People have talked about this offense potentially shifting over the next couple years to something similar to what the Patriots run. What do you say to that?

“We do a little of the things the Patriots do. We have an empty package. Didn’t use it this year as much as I’ve used it before. We are very similar to the Patriots. We’ll line up in two back offense, we’ll line up in spread … the key to offense is not whether it’s the Patriots or the 49ers or whoevers. It’s being diverse enough to deal with all situations that arise in football. Having an offense that can accommodate all of those situations that’s geared to your personnel. That’s a nebulous answer, but that is the answer.”

Tight end is a position you like to use. Funchess and AJ Williams are pretty different  players. Do you envision using them differently?

“Possibly. There’s a skill set that you anticipate and there’s a skill set that you get. So when they get here, we’ll see how they fit into what we want to do with them. They’re both going to be tight ends, they’re both going to be coached to be pure tight ends, and we’ll see how that skill set fits with the rest of the group, and we’ll accommodate it.”

How do you like your depth at that position?

“I think we have plenty of guys. We just have to see how it shakes out. We have a couple kids in the spring that are still going to get a golden opportunity to prove they can do it. With the new guys coming in, we’ll see if they can break into the depth chart.”


Greg Mattison

MGoQuestion: Jeremy Clark and Willie Henry seem to be pretty under the radar recruits. How did you learn about them?

“Well Jeremy Clark was in our camp, and all it took was for a bunch of guys to watch him, they went, ‘Wow, this guy’s something special.’ And then the process that we talked about where the coach that recruited that area goes in there and meets the caoch and the coach just says the same things about them. You walk down the hall and you talk to the math teacher and the math teacher says this guy’s unbelievable. Now all of a sudden you say, you have all of this, and look what we saw on the field, and then it’s pretty easy. Willie Henry was the same kind of thing. There are some schools that coaches will not recommend very highly until they’re done with them. They’re going to make sure -- people, especially the ones that respect Michigan and respect coach Hoke, they’re not ever going to give you somebody they’re not willing to put their name on. When a coach like that says, ‘Yes this guy can play.’ Then you listen. So that’s the deal with that.”

After looking at his film and evaluating him for yourself, did you feel like he was underrated as a recruit?

“I don’t care about stars. And I really don’t. There are some five stars out there that I hope we play against. To me all I care is what we, our staff, when we look at the film and say yes he can play or no he can’t play. When we looked at this guy on film, we said, Wow, this is one that we want.’ I don’t care if he’s a five star, three star, or two star. Those are the kind of guys we want in this class.”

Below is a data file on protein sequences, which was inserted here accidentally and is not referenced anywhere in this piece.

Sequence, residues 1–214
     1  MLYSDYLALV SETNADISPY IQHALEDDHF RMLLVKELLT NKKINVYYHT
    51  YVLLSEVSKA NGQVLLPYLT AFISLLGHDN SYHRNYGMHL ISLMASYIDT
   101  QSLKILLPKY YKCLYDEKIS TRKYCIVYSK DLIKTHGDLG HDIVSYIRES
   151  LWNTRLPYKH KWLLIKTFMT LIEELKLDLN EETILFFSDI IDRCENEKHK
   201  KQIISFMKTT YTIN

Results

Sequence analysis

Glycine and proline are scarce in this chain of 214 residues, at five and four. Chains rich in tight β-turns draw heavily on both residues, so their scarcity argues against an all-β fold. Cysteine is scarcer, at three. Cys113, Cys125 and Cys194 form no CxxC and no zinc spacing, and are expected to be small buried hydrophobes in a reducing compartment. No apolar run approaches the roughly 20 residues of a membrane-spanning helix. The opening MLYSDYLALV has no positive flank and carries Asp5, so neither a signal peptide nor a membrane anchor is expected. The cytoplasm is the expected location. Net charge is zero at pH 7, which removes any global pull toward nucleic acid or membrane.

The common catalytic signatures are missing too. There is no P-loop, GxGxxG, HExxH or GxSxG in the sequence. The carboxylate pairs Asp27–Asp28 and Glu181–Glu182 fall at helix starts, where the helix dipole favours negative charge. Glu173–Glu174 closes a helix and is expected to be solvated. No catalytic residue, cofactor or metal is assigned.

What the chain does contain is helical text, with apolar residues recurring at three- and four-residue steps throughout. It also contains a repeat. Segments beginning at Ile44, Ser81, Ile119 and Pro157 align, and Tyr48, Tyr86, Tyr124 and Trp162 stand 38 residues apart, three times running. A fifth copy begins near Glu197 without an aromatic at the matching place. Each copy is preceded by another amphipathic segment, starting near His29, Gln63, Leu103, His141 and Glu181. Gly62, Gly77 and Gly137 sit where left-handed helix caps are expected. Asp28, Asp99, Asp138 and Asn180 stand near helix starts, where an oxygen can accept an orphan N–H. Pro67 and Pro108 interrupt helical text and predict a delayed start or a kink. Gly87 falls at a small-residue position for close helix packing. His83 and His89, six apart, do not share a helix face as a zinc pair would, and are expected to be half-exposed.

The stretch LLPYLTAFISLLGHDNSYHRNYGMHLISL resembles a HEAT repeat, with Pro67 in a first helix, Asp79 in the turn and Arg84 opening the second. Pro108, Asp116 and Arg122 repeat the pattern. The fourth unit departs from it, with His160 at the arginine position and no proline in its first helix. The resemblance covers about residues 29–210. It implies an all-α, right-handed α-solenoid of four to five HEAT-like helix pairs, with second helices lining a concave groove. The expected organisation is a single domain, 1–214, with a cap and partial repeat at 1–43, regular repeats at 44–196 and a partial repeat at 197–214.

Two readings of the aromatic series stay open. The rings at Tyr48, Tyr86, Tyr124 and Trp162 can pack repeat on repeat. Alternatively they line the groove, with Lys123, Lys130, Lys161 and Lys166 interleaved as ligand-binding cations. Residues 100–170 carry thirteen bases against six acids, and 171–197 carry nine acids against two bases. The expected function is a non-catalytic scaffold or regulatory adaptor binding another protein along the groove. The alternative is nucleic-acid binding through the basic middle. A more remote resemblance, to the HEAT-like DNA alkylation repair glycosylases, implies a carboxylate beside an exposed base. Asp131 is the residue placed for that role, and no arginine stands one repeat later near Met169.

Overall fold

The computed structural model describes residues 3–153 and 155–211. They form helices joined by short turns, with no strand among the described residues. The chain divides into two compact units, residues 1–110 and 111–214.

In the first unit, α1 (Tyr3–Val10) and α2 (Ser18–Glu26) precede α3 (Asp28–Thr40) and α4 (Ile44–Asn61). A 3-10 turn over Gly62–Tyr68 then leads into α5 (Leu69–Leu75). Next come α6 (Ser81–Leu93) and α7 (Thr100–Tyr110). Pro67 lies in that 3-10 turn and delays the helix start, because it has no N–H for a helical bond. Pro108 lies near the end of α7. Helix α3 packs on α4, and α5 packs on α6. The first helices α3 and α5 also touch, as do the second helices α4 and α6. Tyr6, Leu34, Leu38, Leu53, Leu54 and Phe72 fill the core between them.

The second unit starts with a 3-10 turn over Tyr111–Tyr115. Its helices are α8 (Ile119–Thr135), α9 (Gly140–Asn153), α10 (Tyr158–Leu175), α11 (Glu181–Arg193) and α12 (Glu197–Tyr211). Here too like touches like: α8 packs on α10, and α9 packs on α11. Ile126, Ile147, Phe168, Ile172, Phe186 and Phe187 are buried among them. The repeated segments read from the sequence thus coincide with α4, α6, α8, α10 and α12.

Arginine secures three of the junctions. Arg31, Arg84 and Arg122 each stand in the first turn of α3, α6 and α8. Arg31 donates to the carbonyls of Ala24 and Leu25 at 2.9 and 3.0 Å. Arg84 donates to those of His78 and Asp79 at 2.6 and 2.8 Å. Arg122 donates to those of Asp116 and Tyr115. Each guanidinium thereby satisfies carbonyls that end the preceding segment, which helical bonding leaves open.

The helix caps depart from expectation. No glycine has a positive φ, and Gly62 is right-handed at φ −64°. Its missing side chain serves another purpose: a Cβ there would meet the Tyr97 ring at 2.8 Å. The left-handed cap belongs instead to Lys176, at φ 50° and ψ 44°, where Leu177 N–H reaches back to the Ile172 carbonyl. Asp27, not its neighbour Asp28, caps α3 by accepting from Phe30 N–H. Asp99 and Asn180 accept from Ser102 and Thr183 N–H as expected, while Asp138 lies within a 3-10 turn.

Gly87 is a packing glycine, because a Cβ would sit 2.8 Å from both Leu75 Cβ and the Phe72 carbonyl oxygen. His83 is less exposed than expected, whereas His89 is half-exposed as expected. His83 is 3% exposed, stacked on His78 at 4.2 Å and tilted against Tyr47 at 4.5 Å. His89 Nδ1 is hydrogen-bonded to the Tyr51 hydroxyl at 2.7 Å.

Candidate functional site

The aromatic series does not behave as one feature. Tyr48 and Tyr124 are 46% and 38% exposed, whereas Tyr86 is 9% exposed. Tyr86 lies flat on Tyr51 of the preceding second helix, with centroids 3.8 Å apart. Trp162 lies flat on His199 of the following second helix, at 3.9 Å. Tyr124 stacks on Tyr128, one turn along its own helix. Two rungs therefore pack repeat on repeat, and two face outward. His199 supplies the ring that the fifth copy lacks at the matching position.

February 2nd, 2012 at 12:29 PM ^

"Don't care" has a nuanced difference from "disregard".  It's a way to keep students from evaluating themselves based on ratings; you don't want the 5-star guy getting cocky or the 2-star guy giving up just because of some effin' scouts.  But, even if they use the ratings as a resource, "don't care" can still be an honest answer.

The way I see it, any coach will look at a 4- or 5-star recruit.  In that sense, yeah, the answer is hypocritical.  No coach has all the time in the world to look at every HS football player with a magnifying glass.  However, I think the point here is that if Mattison sees a 2-star player he likes and finds a 5-star lacking, he'll throw the ratings out the window and take the 2-star.  At that point he no longer cares about the ratings, having formed his own opinions, and the answer becomes honest.


February 1st, 2012 at 6:04 PM ^


  I said it once, and I'll say it again, I'm really excited about seeing Norfleet run through the remnants of a Front 7 that Kalis/Magnuson/Bars/Braden just utterly destroyed


February 1st, 2012 at 10:21 PM ^

I love this part of Mattison's answer:


You walk down the hall and you talk to the math teacher and the math teacher says this guy’s unbelievable. Now all of a sudden you say, you have all of this, and look what we saw on the field, and then it’s pretty easy.


A lot of universities and coaches pay lip service to academic success, but Hoke, Mattison, Borges, et al. seem sincere on this point.  

(Btw, a student who can't make or has to struggle to meet the minimum NCAA academic standards most likely will not succeed in the classroom at a reputable university.)



February 2nd, 2012 at 12:07 AM ^

You don't become coach of Michigan and pay only lip service to academics, as you can't keep idiots academically eligible at U-M.

However, it's also just easier to coach players who aren't idiots.  Scouts differentiate between "football IQ" and general knowledge, and sure you can accumulate know-how in a specialized career and know fark all about the rest of the world, but riddle me this:  You think someone who can't even do HIGH SCHOOL MATH will take the time to memorize an FBS-level playbook?  Or that a guy who can do calculus can't pick up technique as fast as someone with supposed "football IQ"?  The only real downside to a geek is that they're not as likely to dedicate as much time to bulking up, but if Mattison's says he can play, what's the problem?

Brains are brains.  Ask any zombie.


February 1st, 2012 at 10:09 PM ^

Mattison hinted at Ginn calling the coaches late in the process and "vouching" for Willie. Kinda cool if that's the kind of relationship Hoke and this staff have built back up with a feeder school in Ohio so quickly. 


February 2nd, 2012 at 1:16 AM ^

Hoke has had that relationship for years, back when he was an assistant at UM and even when he was at Ball State he was taking Ginn Sr.'s kids that didn't go to the bigger programs, I have a feeling that there's a lot of mutual respect there, and it definitely bodes well for the future...